The starting point for the curatorial project of the 34th Bienal de São Paulo, Faz escuro mas eu canto [Though It’s Dark, Still I Sing], was the desire to enlarge the show, unfold it, activate each moment of its construction and enhance the dynamism of an exhibition of this scale. The aim is to leverage the potential that exists in gathering a large set of works, condensing the work of one hundred artists and other thinkers in a single space, under a single title. Also aware of the limitations and contradictions of the format of large-scale exhibitions, and seeking to dialogue with the wide range of publics that have visited the Bienal over the decades, we proposed to expand this edition over the course of the year and throughout the city.
We want to multiply the opportunities for an encounter with art, to allow conversations and exchanges with each artwork to take place in various contexts – with different background music, different lighting, and different artworks and people in its surroundings – because each of these situations is able to shed light on new aspects of the work, provoking new thoughts or sensations in each observer. On the other hand, the aim is not to bring everything to light, as we are also laying claim to the right to opacity – both in expressions of art as well as in identities of individuals and social groups. We do not have to understand everything, or to understand everyone; rather, the idea is to talk in our language while knowing that there are things that other languages can name, even though they are inexpressible in our own.
To create a common idiom, we knew that we could not go forward abstractly, based on a title or theme that indicates the course, because then we would be preventing the detours, which are so utterly important to take. We therefore began by talking about artists and artworks. Based on conversations about the research and strategies of some artists, a set of shared concerns and interests arose, which were repeated and gained body. Without trying to decide which words could definitively describe these constellations, new artworks came in response to the first ones, complementing, deepening, expanding, contesting, contradicting, reiterating and redefining their meanings. The exhibition took shape in this way, as these nuclei became denser, more solid, better delineated and also more complex and less unidimensional.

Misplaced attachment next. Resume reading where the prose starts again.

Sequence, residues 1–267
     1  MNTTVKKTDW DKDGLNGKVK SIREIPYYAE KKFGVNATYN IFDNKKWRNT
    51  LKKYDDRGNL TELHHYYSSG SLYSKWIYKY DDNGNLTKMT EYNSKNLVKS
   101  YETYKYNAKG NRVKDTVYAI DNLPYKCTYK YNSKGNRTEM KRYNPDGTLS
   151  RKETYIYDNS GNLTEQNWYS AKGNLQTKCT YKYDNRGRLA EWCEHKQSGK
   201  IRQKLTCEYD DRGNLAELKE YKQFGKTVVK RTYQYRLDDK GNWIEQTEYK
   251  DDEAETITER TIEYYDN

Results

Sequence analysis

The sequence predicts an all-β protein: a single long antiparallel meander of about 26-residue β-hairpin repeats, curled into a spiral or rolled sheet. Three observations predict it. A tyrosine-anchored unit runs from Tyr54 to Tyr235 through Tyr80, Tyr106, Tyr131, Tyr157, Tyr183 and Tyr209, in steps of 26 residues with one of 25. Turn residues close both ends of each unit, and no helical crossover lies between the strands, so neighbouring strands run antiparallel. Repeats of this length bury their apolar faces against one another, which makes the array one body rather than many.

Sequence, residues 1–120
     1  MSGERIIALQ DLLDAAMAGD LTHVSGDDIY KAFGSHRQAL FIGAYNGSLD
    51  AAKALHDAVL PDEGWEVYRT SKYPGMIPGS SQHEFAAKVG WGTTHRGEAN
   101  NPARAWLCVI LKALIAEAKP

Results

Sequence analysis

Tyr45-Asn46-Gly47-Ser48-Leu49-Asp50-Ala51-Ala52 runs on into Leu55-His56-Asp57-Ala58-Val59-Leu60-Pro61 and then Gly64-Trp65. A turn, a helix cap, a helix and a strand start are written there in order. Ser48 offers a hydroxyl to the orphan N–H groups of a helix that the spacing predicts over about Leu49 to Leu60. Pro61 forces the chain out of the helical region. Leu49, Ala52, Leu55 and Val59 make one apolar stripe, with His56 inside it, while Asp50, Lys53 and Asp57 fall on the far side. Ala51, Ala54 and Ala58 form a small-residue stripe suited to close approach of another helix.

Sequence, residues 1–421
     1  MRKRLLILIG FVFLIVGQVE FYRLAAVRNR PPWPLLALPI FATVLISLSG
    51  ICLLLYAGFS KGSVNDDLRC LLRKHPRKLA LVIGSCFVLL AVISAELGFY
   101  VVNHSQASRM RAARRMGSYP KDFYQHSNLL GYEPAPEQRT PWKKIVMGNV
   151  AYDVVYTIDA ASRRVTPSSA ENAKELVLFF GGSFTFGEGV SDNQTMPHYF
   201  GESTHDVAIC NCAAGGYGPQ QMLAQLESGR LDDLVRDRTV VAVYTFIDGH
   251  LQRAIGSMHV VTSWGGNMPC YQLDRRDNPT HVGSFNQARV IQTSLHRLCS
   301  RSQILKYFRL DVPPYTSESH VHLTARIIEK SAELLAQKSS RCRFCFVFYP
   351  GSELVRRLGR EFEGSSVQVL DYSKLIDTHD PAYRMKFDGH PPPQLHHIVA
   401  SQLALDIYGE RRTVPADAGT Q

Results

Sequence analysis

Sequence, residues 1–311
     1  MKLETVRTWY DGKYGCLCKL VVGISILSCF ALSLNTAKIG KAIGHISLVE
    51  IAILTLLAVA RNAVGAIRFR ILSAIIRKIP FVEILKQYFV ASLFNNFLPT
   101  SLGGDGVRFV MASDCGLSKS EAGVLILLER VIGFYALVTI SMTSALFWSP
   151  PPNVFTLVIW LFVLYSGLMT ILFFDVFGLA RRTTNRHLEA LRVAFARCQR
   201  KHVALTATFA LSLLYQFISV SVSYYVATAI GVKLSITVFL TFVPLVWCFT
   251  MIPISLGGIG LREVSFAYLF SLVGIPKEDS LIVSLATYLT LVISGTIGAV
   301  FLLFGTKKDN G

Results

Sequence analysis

In the search for a language to delineate the energy fields that, we imagine, will be created by the encounter of these artworks, we have proposed some objects, along with their histories, as statements. A meteorite and a fossil which in different ways faced the same tragic fire; a bell that was rung at different moments of a history that is repeated; the images of the most portrayed man during a time when almost no one was portrayed; the embroideries that another man would not have made if not hidden from view; letters which, to arrive at a child, needed to get past jail bars and the eyes of the censors… These statements punctuate the exhibition, they suggest the tone in which the surrounding artworks will vibrate, gathering and lending tangible form to the curatorship’s concerns and reflections. In this sense, they operate like the tuning fork that helps in the tuning of a musical instrument, or at the beginning of a song. In the curatorship of an exhibition something similar to a tuning is also sought, an adjustment that is not immune to the errors, accidents and (as stated) detours, that the expanded time of the 34th Bienal allows us.
Operating like another one of these statements, more than as a theme, the title of the 34th Bienal de São Paulo, Faz escuro mas eu canto, is a line of verse by the Amazonian poet Thiago de Mello, published in 1965. By means of this line, the 34th Bienal recognizes the urgency of the problems that challenge life in our current world, while asserting the necessity of art as a field of encounter, resistance, rupture and transformation. Ever since we found this poetic phrase, the cauldron of problems that embroil us has been thickening: from the forest fires in the Amazon that darkened the skies of São Paulo to the mournings and lockdowns brought on by the pandemic, along with the current political, social and economic crises. Throughout these months of work, surrounded by collapses of every sort, we have repeatedly asked ourselves what forms of art and ways of being in the world are possible and necessary now. As we move through dark times, what songs should we be listening to?